Set Aside 2-3 Hours For Your Morning Routine
Schedule 2-3 hours first thing every morning to prepare you for the day and get your most important work done. Eliminate as many distractions as possible, don't check emails or phone during this time, and focus on the task at hand. Finishing the most important things first thing frees you from stress, you get more done, and it helps boost your creativity. A few morning routine ideas: prayer, meditation, exercise, stretching, journaling, quiet time for yourself, cup of hot tea or coffee.
Do what I call a Brain Dump. Grab paper and pen, and write down everything you need to get done, both now and later, big and small (or create a list on your phone in Notes, or an auditory recording). I prefer pen and paper. Do this daily and at least once weekly for larger goals. If you have a bunch of ideas or to-do's swimming around in your mind, you don't have a clear mind - this prevents clarity, creativity, and the ability to take appropriate action. After you complete your brain dump, take it a step further and put those items on your calendar to ensue productivity and success (see tip below called Trash Your To-Do List).
Keep An Idea Notebook
When you think of things that need to get done or have ideas (outside your official brain dump), immediately log it in your notebook (physical notebook, notebook app in your phone, or auditory recording). Check your notes at the end of each day or at the beginning of the next, and put them into action: put to-do's on your calendar, set the meeting, etc. I have a hardcopy notebook on my desk where I jot ideas down as they come to me, and while I'm out and about I use the notes app on my phone. Once a day I transfer the list from my notes app to my hardcover notebook. This little notebook is also where I conduct my Brain Dump so it's all in one place.
Trash Your To-Do List
Put things on your calendar instead. I've been doing this for a while and have been amazed at how much more productive I am, I get things done faster, waste less time, stress less, and end up with more free time. I start with a written list (my Brain Dump), then put them in order of importance, and add them to my calendar at appropriate times.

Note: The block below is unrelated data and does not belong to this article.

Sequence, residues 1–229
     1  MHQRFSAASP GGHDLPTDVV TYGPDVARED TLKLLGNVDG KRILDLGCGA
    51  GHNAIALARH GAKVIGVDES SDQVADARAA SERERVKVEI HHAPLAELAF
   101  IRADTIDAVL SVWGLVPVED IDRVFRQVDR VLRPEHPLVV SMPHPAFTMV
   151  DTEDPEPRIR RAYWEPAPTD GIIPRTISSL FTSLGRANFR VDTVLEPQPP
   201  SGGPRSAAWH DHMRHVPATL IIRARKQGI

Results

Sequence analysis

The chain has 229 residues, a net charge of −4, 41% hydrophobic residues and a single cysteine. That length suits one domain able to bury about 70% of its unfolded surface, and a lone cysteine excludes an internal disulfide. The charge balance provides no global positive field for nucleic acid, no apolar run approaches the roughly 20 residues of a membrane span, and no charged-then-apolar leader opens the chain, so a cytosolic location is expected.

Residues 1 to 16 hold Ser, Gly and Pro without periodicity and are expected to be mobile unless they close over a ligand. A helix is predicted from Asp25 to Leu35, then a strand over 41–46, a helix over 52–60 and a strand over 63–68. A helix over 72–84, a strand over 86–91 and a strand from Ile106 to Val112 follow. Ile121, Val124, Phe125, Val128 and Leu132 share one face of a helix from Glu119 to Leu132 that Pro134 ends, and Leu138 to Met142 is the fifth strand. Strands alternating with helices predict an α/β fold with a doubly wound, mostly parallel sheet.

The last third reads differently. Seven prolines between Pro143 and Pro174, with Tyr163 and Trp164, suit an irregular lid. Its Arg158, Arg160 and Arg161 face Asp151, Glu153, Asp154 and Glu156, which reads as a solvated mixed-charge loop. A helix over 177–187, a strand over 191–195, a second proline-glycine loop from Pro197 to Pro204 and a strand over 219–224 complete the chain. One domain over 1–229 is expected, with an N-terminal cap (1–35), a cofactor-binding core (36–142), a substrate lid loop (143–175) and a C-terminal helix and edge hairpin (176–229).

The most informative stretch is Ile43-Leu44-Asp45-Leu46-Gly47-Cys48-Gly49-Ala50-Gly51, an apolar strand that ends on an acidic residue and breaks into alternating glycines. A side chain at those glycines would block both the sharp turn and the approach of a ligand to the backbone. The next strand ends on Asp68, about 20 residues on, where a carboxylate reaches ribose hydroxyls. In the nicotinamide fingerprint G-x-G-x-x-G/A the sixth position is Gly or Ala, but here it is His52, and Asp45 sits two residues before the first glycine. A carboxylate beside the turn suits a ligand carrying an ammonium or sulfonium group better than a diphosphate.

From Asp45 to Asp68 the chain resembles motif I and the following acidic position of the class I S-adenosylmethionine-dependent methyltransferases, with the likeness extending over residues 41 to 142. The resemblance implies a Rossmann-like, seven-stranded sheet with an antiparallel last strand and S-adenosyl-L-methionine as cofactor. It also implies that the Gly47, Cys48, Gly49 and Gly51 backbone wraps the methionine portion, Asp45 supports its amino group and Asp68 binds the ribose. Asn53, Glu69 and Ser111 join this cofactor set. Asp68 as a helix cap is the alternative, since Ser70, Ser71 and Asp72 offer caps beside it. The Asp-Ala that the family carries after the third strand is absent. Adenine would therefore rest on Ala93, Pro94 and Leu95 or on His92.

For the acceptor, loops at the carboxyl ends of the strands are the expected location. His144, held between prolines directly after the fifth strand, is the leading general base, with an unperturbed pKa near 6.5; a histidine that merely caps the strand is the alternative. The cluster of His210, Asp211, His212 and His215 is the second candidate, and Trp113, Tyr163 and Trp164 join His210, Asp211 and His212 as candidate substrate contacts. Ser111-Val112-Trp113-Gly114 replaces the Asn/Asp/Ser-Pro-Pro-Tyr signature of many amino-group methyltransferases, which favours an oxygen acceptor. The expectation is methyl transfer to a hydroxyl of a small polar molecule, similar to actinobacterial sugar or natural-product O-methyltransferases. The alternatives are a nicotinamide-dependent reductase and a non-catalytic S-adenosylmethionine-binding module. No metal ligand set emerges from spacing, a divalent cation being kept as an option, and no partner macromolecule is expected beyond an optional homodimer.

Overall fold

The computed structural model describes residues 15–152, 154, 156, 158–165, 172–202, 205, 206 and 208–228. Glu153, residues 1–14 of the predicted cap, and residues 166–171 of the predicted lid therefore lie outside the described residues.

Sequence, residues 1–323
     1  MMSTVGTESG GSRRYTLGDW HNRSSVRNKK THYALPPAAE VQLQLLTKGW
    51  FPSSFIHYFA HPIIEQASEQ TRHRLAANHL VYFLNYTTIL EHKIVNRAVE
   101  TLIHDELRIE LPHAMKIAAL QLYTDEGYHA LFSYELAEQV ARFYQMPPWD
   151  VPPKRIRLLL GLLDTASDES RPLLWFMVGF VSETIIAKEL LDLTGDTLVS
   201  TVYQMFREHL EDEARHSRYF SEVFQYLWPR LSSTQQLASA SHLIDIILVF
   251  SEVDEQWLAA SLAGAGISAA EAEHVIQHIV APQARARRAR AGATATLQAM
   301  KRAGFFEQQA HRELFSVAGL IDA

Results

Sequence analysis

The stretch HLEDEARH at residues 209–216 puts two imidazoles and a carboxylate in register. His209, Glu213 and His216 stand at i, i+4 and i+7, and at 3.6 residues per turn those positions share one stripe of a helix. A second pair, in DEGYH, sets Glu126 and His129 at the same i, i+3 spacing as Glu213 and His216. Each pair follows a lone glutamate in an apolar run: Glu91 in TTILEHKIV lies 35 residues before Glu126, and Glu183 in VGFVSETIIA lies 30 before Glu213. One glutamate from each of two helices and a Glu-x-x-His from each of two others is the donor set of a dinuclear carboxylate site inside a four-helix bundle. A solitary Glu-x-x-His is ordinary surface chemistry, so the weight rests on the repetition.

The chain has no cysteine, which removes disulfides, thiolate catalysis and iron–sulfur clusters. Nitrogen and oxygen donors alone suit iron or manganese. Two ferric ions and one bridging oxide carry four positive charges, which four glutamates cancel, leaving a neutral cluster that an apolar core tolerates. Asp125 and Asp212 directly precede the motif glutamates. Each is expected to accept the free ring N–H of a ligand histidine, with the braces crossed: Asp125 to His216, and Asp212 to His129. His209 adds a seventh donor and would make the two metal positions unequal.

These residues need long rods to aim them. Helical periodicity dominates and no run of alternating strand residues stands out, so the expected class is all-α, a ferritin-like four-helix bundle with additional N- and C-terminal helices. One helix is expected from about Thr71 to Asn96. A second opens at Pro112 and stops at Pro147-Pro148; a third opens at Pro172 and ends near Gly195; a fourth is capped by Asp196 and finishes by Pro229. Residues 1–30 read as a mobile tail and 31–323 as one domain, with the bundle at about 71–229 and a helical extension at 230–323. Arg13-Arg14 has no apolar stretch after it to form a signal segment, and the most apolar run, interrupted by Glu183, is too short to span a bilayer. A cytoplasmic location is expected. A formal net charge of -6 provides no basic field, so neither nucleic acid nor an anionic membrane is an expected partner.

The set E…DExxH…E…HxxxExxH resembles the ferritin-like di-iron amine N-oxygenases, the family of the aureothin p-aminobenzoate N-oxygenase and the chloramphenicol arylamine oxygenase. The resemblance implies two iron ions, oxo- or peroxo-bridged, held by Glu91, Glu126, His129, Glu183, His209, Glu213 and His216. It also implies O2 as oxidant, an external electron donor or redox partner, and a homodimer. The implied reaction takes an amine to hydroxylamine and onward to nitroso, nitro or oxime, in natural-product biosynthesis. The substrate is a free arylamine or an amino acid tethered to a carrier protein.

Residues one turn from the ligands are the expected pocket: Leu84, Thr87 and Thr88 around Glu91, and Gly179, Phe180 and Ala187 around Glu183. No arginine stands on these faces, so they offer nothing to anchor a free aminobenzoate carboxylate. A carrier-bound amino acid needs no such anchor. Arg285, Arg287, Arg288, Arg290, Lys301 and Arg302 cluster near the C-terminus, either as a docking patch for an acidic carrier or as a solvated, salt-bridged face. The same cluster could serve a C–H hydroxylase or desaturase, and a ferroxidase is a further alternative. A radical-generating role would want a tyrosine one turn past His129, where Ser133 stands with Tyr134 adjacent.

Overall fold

Schedule exercise on your calendar, what days and what you'll concentrate on, then allow your calendar to tell you what to do. This eliminates one more decision you need to make during the day.
Create a weekly meal plan, all ingredients necessary for each meal, grocery shop once a week from that list, and stick to your meal plan. This saves time, food waste, money, and brain energy - and you'll find yourself eating healthier.
Take Care of Your Body
Don't skip nutritious meals. Hydrate with plenty of water (half your body weight in pounds converts to ounces you need to drink in water: if weight is 150lbs, drink 75oz water daily). Meditate (I love Priming by Tony Robbins, found on YouTube). Prayer. Exercise daily, even if it's a quick 20 minute walk for fresh air and body/brain oxygenation), and grab 10-15 minutes of daily sunlight.
Schedule Time For Email & Social Media
Schedule 2-3 times per day to check and respond to emails and do social media work (if your job requires social media, otherwise, allow yourself to check it once or twice daily at specific times and for a specific amount of time). Scheduling this time is freeing, manages your time better so you're more productive, and reduces stress.
Have Daily Connection
Make time daily for family or friends. This helps ground , support and connect you. Connection is vital for a balanced life. Put this on your calendar if you must.
Do yo have any tips that would be beneficial? Please share in the comments below so we can learn from you!
Go get more done,